4. Insufficient adoption of technology. The squeeze is on from both ends: Student-purchased technology is usually derided, suppressed, and sometimes confiscated. These tools are part of the technology spectrum kids know they will have to master. On the other end, technology in the schools is dated, the Internet is firewalled, and there isn’t enough equipment to go around.
  5. Focusing on information retention as opposed to new knowledge production. Disk-drive learning is for computers. Knowledge production and innovation are for humans. The first requires fast recall and low error rates from dumb systems; the second, driven by intelligent people, builds the economy and keeps America competitive.
  6. Innovation is eschewed. Most U.S. teachers think innovation is something that requires them to suffer the discomforts and pains of adaptation. They don’t accept change as a necessary function of expanding national competitiveness. Many U.S. teachers might be more comfortable in industrial world economies and societies represented by China and South Korea, or 1950’s America.
  7. Continuous reorganization of school leadership and priorities, particularly in urban schools. Serious questions can be raised whether schools are the organizations required to cope with semi-permanent underclasses, violent youth, incompetent, irresponsible parenting and negative adult role models. What institutional substitutions would you make for the schools?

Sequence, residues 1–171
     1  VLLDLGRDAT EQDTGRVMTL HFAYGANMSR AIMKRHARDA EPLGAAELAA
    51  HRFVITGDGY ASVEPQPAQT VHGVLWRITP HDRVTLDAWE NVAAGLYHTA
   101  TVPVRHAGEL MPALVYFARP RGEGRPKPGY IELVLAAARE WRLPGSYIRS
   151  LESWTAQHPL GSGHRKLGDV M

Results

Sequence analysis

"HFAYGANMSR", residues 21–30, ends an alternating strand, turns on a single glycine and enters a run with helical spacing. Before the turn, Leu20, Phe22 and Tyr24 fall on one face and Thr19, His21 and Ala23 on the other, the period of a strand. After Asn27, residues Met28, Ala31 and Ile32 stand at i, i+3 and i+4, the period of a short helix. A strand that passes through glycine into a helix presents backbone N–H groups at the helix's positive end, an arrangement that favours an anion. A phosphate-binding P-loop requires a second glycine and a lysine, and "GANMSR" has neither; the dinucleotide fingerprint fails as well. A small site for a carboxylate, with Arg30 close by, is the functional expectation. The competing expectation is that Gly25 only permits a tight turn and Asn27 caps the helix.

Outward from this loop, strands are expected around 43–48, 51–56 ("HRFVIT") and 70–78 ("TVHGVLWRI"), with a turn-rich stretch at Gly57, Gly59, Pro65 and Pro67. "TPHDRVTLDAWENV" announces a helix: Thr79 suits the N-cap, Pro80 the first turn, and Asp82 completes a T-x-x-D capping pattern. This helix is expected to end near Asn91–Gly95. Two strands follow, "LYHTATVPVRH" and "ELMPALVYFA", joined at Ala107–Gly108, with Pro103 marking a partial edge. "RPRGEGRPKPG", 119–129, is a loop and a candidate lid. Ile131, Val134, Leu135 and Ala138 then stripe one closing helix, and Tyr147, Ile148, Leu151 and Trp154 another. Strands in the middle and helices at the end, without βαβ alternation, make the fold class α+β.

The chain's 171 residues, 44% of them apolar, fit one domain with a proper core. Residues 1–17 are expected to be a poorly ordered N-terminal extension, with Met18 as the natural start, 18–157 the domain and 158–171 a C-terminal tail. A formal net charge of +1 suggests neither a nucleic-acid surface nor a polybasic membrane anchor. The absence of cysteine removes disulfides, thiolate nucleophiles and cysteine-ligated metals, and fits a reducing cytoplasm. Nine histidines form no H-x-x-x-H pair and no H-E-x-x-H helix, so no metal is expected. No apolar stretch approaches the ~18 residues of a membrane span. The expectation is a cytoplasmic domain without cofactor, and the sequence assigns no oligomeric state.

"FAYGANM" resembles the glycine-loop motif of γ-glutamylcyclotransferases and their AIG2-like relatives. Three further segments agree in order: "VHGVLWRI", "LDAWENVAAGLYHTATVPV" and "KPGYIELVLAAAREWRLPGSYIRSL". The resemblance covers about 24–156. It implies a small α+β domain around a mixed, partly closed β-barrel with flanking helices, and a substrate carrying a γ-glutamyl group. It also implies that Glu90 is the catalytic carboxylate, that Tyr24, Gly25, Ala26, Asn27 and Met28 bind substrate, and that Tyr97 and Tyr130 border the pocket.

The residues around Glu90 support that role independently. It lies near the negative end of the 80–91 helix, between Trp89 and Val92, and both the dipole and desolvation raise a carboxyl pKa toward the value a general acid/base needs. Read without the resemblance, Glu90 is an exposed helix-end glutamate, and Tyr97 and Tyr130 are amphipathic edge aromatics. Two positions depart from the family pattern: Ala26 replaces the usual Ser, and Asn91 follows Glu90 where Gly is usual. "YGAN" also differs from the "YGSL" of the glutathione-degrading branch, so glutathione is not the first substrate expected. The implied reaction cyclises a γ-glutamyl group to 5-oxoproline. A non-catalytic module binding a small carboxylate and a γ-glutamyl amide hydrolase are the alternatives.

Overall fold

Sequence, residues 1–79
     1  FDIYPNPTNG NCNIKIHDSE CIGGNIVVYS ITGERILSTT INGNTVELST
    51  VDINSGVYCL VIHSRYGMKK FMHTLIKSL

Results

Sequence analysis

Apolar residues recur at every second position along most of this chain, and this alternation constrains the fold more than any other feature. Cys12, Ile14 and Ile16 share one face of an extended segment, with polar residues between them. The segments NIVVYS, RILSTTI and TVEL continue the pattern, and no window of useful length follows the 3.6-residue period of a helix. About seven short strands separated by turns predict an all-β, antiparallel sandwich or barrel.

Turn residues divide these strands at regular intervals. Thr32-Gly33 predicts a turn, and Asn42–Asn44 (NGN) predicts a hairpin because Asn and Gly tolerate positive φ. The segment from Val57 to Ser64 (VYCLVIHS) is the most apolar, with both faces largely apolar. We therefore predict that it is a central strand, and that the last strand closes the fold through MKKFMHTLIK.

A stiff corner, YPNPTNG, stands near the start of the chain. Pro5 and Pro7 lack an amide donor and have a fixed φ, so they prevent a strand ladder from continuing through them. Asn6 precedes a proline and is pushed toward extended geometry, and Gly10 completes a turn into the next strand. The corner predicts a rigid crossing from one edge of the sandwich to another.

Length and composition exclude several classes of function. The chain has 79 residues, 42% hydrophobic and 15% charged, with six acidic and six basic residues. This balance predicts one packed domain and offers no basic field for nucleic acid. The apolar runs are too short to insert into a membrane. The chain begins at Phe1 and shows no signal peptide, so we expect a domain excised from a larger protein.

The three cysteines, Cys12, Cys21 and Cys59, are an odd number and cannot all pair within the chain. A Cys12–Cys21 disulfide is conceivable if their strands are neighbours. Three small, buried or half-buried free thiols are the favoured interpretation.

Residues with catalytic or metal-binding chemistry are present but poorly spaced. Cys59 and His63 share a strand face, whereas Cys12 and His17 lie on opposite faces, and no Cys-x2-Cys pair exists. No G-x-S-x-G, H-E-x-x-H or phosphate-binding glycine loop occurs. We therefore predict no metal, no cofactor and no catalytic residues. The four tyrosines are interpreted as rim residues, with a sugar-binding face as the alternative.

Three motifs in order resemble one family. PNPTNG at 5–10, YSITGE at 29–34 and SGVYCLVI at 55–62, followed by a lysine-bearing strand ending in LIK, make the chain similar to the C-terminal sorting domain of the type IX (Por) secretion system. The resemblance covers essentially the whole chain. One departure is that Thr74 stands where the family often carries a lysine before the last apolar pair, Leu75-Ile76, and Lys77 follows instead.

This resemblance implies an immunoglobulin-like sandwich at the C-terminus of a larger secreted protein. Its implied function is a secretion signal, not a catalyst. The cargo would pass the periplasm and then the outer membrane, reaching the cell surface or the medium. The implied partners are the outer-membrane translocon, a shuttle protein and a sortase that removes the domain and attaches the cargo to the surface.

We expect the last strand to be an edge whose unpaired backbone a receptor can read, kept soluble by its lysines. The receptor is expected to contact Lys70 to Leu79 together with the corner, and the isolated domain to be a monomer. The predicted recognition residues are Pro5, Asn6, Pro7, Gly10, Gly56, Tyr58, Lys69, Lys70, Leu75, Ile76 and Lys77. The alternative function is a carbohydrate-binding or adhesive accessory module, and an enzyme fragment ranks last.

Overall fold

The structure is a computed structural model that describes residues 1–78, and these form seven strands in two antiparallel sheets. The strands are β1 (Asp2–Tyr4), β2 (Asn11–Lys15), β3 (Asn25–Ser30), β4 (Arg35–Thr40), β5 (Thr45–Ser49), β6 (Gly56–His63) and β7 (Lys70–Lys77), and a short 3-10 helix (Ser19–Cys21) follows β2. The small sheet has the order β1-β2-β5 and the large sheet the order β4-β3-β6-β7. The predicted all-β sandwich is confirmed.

8. National education priorities are built on an idealized past, not on emergent and designed futures. Blends of applied imagination, creativity, and innovation are required to visualize preferred futures, to render them proximal and grounded, and to forge them into empirical realities. On the other hand, it is quite possible that Secretary Spellings and other highly placed education “leaders” have never had an original thought in their entire lives.
  9. Social class and cultural problems in schools and communities suggest that the schools live in a Norman Rockwell past. Bright kids capable of novel thought and new culture creation have never fit into the industrially modeled American schools, and lower-middle class teachers have little respect for working- and poverty-class art, music, and culture. It appears that the schools are populated by timid, unimaginative, lower-middle class professional placeholders who crave convention (spelling bees, car washes, exceptional sports performances) over invention.
  10. Failing to invest resources in education, both financially and socially. Education is formal, informal, and non-formal in structure and function. It is possible that formal education will be recognized as the least powerful of this trio, in part because it is so dated, and in part because it occurs in such a small percentage of life compared with the other two types. Perhaps new funding algorithms and decisions must follow this ratio.

Where do we begin?

Creating and dismantling the library of the future

mplslib
Inside Higher Ed writes that, Daniel Greenstein, vice provost for academic planning and programs at the University of California System predicts:

The university library of the future will be sparsely staffed, highly decentralized, and have a physical plant consisting of little more than special collections and study areas.